The digital edition of the magazine is also available for subscribers to view online or download to a device.
Already a subscriber? Click here to view the latest edition on you desktop or laptop. Want to use your iPad, tablet, or smartphone? Please download the MBHH app from the iTunes or Google Play stores. Subscribers will need to use their email address and account number to log in. Questions? Visit our Digital Edition FAQ page for access details.
Want to subscribe? Click Here to get the best of coastal Maine living.
Jump to Bonus Content ↓
The Boothbay region, with its cluster of small villages, is home to an astonishing variety of boatbuilders.
Story & Photographs by Laurie Schreiber
In the Land of Legends
The Rangeley Lakes Region is known as the Land of Fishing Legends for a reason: Its lakes and streams teem with fish, and the many camps that cater to visitors have been there for decades.
By Robert J. Romano, Jr. | Photographs by Patricia Romano
Going To The Spring
During the 1950s, when his family used to stay at a camp in Fryeburg, David Morine and his brother had to haul their water from a spring in the woods. And it wasn't easy.
By David E. Morine
Lakeside & Winter-Worthy
Turning a seasonal retreat into a year-round retirement home ultimately required building a new energy-efficient house.
By Regina Cole | Photographs by Randy O'Rourke
The Great Pond mail route is one of the few remaining inland water routes in the country.
By Esther J. Perne
Down the Allagash
A canoe trip down the Allagash is a wonderful family adventure.
Story & Photographs by Twain Braden
Birchbark canoe builder Steve Cayard revels in a craft that connects people to the land.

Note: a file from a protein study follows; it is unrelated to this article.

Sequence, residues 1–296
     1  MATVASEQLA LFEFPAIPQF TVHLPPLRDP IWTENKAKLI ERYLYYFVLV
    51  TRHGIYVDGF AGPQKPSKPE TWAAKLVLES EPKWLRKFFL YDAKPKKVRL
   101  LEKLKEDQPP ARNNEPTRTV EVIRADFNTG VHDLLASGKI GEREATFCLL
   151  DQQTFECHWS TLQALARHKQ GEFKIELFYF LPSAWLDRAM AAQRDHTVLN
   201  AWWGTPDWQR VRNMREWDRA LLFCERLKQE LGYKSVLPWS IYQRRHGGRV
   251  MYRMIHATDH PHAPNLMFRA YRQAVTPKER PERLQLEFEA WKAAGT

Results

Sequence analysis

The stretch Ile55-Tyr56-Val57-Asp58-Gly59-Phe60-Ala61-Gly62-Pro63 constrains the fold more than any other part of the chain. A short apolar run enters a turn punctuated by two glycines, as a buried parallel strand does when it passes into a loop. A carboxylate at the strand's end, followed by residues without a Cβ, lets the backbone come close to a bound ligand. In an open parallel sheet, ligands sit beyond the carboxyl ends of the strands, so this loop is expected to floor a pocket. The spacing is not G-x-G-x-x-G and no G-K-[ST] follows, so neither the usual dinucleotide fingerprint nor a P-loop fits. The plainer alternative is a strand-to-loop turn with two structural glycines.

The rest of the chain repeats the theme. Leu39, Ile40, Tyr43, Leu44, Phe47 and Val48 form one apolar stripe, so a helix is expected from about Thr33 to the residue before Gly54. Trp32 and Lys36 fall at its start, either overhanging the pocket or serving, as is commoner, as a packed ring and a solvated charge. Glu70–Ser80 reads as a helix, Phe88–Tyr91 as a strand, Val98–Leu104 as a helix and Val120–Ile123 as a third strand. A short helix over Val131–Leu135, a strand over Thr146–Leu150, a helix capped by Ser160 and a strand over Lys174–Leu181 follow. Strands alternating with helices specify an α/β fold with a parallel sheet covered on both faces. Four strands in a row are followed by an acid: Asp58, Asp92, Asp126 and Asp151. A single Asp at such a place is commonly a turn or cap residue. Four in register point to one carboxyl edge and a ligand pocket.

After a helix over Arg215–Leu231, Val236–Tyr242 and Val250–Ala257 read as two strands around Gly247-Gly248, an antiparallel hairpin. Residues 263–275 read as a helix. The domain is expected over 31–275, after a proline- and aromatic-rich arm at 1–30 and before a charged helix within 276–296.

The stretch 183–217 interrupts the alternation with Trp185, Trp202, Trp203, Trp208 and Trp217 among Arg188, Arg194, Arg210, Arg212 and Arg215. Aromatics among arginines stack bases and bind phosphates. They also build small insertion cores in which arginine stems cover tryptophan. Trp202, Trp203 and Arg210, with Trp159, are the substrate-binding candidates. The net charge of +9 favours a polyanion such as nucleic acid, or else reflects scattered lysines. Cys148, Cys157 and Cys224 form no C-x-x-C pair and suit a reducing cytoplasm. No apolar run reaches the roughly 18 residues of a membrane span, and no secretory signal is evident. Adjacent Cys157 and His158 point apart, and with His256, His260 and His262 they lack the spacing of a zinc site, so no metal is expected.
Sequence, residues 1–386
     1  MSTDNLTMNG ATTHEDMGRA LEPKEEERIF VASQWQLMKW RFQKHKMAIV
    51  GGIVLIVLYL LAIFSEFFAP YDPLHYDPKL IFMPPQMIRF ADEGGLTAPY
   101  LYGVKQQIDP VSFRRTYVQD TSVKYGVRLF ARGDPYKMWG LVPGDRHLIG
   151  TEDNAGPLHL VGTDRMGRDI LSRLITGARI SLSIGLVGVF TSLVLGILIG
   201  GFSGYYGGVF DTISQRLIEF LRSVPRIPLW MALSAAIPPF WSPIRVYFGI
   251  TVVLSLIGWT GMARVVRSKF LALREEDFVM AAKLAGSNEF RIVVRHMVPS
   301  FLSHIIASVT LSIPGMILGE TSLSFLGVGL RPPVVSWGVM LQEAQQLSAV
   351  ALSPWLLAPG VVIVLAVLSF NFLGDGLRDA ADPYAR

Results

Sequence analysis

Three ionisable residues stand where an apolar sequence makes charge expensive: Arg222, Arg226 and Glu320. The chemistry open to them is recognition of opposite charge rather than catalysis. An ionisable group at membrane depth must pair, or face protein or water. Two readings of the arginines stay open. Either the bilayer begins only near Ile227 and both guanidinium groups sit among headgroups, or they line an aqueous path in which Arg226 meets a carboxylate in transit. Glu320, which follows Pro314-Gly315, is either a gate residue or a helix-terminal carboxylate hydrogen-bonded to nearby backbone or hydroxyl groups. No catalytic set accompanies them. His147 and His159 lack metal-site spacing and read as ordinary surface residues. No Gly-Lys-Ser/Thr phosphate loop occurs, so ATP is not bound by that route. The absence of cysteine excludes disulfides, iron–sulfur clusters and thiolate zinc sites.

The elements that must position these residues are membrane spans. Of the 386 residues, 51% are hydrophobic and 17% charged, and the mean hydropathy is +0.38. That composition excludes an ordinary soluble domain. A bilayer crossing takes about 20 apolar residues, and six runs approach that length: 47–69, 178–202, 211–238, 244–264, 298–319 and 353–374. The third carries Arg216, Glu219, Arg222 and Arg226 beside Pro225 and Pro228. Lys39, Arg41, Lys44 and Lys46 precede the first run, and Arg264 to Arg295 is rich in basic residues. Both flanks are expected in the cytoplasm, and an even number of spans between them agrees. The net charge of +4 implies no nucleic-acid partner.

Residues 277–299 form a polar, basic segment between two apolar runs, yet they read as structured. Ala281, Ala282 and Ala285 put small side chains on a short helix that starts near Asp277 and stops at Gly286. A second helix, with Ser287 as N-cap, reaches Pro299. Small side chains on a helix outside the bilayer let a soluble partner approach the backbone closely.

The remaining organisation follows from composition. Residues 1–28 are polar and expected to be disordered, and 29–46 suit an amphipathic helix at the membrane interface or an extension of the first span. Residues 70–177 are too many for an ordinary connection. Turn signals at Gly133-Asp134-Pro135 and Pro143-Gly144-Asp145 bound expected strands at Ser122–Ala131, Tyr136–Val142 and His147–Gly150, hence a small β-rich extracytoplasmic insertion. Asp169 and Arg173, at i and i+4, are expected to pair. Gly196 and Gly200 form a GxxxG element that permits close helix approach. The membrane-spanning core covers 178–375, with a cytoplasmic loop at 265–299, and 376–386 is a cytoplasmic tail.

By Laurie Schreiber
Layer Cake Lake
Jump into a Maine lake during the summer and no matter how warm the water feels on top, there is always cold water lurking below. The reason behind this is a physical phenomenon known as stratification.
By Catherine Schmitt
Dance of the Lady Slippers
The pink lady slipper is one of the delights of spring in Maine. Researchers at the Coastal Maine Botanical Gardens have been studying the mysterious orchid.
Story & Photographs by Lynette Walther
David Driskell: At Home in Maine
Maine may not be the first place that comes to mind when thinking of African-American artists. Yet a number of eminent black artists have found a home and inspiration here, including David Driskell.
By Carl Little | Photographs by Rodney D. Moore
Spiritual Vision: Joyce Tenneson
Photographer Joyce Tenneson captures the soul of her subjects in luminous images.
By Ann Dodds Costello
IN EVERY ISSUE
FROM THE PUBLISHER
LETTERS TO THE EDITOR
We welcome your comments, and we print them too!
ON THE TOWN DOCK
A POSTCARD IN TIME
Naples: Songo Lock
By Mimi Bigelow Steadman
Off the Drawing Board
Two Great Boats For the Lake
By Art Paine
My Boat, My Harbor
Savoring Good Memories and Making New Ones
By Drew West
A Letter From Home
Brave Lake Love!
By Carl Little
Maine I Love
Photographs by Kit Aroneau
What's Online @ maineboats.comSlide Show: A short sail across the Gulf of Maine brings intrepid cruisers to Nova Scotia and the port town of Lunenburg, which has been designated as a World Heritage Site by UNESCO. Enjoy a slide show of images of the town.
Bonus Content For This Issue
Lake App: What's that stuff on the surface of the lake? What's that blob in the water? A new smartphone app from the Maine Volunteer Lake Monitoring Program helps explain the weird and wonderful sights to be seen in lakes, ponds, rivers, & streams.
Science Update: A first-of-its kind wind and wave simulator at the University of Maine in Orono allows designers to test how structures such as ships, oil rigs, off-shore wind turbines and sea walls will respond in different sorts of weather conditions.
Video: Birchbark canoes are totally amazing, beginning with the process of harvesting the bark. The Penobscot Nation and filmmaker D'Arcy Marsh produced a documentary that includes footage of the harvest, as well as the rest of the process.